says now. "We formed a huddle and put our hands together. Brian
said, 'Guys, I said some things last night, and I'm sorry for
them. It'll never happen again.'"
Not long after that, Collins slipped a gift into Williams's
locker. It was a $50 book about air shows, and it contained this
inscription, written in a hopeful moment, before the Pistons'
poor play and internal dissension led to Collins's dismissal:
Thought you might enjoy this book. Thanks for coming to Detroit
and for working so hard to help us become a champion. I hope
that some day soon we can sip some champagne together. Wishing
you peace, health and joy...Doug."
Williams keeps the book on a coffee table in the living room of
his house in suburban Detroit, where on this winter day, after
another of Davis's sumptuous meals, he is waiting for a masseuse
to arrive and pound the kinks from his sore muscles. Hip-hop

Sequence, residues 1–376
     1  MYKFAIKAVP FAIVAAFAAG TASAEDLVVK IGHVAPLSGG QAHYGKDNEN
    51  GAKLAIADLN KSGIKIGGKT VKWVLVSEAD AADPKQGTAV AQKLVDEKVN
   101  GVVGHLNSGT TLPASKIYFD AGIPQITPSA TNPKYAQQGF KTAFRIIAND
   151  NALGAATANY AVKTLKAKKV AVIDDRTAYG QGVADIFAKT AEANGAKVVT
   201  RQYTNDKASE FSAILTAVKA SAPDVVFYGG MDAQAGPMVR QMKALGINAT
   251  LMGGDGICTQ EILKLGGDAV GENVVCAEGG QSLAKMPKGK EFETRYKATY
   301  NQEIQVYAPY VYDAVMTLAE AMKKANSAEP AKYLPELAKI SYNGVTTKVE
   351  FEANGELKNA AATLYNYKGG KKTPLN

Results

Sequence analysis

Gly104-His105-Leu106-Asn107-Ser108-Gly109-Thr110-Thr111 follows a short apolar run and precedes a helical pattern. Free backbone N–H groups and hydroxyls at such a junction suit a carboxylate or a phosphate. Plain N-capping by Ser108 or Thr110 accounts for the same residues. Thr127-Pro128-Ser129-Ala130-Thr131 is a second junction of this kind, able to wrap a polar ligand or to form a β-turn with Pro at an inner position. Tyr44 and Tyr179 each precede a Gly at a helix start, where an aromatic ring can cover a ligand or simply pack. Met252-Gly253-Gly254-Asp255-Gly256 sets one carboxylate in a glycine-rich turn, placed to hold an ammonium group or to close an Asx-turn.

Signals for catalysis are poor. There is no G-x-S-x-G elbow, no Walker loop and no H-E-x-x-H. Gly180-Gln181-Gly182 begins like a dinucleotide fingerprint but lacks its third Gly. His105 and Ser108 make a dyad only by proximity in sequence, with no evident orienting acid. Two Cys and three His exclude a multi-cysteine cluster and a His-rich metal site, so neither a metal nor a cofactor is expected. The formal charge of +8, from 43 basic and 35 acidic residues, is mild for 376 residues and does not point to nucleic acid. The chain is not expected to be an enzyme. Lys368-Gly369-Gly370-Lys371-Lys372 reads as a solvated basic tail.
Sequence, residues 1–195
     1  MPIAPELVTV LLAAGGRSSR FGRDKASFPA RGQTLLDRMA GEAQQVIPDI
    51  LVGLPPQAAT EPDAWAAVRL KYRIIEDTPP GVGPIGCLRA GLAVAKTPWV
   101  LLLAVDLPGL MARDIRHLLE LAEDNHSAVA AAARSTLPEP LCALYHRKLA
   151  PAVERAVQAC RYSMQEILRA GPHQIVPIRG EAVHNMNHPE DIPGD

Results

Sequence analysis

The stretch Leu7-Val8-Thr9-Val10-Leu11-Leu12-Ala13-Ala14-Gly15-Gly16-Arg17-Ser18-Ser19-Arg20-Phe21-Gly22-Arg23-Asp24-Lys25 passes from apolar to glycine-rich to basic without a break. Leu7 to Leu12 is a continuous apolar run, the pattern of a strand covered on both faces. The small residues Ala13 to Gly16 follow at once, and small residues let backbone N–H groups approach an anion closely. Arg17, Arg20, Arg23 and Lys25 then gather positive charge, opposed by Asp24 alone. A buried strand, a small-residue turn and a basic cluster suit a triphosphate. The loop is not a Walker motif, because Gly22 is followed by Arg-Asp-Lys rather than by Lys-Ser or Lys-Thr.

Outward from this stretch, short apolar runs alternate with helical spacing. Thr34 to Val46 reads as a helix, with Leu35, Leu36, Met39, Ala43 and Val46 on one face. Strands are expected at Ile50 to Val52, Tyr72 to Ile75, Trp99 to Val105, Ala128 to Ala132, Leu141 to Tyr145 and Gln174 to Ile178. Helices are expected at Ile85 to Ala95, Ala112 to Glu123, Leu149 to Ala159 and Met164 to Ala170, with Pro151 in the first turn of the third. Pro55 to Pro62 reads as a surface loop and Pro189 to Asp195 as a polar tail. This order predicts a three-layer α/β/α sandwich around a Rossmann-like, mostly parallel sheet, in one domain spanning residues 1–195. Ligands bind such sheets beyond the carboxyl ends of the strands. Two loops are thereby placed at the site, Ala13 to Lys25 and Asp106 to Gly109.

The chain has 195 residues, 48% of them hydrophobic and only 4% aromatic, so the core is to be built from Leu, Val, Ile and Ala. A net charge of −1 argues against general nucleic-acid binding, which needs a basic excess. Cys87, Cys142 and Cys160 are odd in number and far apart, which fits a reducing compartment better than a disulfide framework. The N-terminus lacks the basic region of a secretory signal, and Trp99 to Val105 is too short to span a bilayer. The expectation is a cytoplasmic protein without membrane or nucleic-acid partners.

plays on the stereo, and fish cut parabolas in the giant
built-in aquarium. It isn't so bad a life, even if snow is
beginning to fall and the Pistons are far behind the first-place
Indiana Pacers in the Central Division.
Ever hear the story about his bedroom? They say it's made to
resemble a cave, complete with black plastic foam rocks jutting
out of the walls. "It's right there through that door, if you
want to look," Williams says, pointing. He walks into the room
and turns on the ceiling light, revealing an unmade bed, a
dresser, a floor lamp and a clutter of candles on tall iron
But where are the ceramic bones piled in the corner? And the
salted animal pelts that supposedly hang from the ceiling?
"Does this look like a cave to you?" Williams asks, seeming